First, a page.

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News Archive 2001 - 2010

Student is Living in UTA “Smart” Apartment

July 14, 2004

Juan Lopez lives in a student apartment like no other. Placed around his University of Texas at Arlington apartment are more than150 sensors wired to four computers. They’re all part of a real-life test of a “smart” living environment, where the entire home is an intelligent host that learns about the inhabitants, responds to their actions and anticipates their needs.

Lopez is a computer engineering senior and a participant in the Research Experiences for Undergraduates program. The sensors in his apartment, called the MavPad, measure things such as motion, temperature, light, etc. Sensors in the bathroom can tell if the toilet or sink is overflowing and initiate a command to turn off the water. Sensors mounted to the ceiling can tell where people are in the apartment; others sense light levels and either open the blinds or turn on lights. The sensors facilitate the control of many devices in the apartment, from heating and air conditioning to media preferences.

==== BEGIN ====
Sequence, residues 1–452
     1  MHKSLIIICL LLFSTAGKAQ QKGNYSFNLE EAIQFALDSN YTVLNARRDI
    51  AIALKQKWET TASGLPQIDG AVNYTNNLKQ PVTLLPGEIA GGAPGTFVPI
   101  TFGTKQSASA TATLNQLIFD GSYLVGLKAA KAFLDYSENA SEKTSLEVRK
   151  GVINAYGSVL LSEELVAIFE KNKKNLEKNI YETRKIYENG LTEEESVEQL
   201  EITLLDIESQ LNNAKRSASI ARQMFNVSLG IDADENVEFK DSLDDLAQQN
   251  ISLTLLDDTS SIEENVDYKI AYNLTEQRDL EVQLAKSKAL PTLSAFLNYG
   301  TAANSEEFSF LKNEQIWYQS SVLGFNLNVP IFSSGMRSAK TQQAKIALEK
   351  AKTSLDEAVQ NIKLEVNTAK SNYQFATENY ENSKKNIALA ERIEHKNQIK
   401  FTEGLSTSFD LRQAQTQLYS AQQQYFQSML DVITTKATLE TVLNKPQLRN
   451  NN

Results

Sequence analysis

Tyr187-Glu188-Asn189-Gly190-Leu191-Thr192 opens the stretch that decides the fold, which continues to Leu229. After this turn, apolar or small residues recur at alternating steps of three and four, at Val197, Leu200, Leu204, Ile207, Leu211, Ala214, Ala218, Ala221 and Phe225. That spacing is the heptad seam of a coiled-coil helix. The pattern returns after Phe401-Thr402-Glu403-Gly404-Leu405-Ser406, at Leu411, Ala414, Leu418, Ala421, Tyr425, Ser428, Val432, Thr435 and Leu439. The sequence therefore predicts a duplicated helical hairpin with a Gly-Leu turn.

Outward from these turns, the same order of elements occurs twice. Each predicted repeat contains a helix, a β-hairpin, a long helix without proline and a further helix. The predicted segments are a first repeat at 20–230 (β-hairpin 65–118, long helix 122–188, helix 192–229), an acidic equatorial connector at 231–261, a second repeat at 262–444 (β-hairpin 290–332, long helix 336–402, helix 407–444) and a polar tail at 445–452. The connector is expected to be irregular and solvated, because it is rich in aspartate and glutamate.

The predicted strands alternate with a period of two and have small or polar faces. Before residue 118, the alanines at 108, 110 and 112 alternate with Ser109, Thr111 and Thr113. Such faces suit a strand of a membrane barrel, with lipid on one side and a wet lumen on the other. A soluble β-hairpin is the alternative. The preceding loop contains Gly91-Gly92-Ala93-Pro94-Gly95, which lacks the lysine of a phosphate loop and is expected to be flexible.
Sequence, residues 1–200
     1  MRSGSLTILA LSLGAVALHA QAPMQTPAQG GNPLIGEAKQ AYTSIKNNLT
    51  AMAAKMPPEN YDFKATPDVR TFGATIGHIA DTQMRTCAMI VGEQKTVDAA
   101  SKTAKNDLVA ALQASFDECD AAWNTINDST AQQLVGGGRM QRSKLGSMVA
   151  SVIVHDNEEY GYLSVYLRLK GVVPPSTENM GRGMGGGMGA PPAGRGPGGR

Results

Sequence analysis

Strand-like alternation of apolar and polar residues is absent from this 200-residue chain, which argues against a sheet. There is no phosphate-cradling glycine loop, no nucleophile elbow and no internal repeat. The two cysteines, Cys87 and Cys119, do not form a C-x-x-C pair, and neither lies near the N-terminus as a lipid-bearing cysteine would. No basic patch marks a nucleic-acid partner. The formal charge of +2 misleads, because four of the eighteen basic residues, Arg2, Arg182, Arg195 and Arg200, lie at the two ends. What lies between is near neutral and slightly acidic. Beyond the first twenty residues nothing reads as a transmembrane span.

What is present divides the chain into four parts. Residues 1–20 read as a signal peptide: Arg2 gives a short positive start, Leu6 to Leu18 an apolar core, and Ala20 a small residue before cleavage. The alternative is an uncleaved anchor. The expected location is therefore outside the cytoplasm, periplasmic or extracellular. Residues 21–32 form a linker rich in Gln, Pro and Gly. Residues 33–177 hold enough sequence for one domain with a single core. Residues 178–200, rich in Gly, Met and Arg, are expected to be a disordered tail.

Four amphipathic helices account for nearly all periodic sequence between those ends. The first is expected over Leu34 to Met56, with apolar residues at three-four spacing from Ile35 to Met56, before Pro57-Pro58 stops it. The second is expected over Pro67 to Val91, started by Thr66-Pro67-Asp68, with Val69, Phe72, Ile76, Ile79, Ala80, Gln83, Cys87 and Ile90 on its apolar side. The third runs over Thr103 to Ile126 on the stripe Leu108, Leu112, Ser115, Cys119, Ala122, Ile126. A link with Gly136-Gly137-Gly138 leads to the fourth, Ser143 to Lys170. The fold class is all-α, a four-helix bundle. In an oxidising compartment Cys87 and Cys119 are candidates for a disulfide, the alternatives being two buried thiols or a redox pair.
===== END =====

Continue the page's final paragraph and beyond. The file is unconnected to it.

Though data collection has been underway in the apartment for several months, it’s only the latest portion of a research project that’s been active in the College of Engineering’s Computer Science and Engineering (CSE) Department since 2001. That’s when CSE Professor Diane Cook secured a $1.16 million grant from the National Science Foundation to develop the artificial intelligence (AI) necessary for a smart home to monitor, reason and react to inhabitants’ living patterns and preferences. All sensors and applications used in the MavPad have been integrated and tested in Dr. Cook’s AI laboratory before being installed.

The MavPad will gain national exposure next year when it will be featured in a new program on the HGTV cable channel. A video crew for American Home 2005 recently taped Dr. Cook and Research Faculty Associate Michael Youngblood, the chief scientist for the smart home, as they demonstrated features of the apartment.

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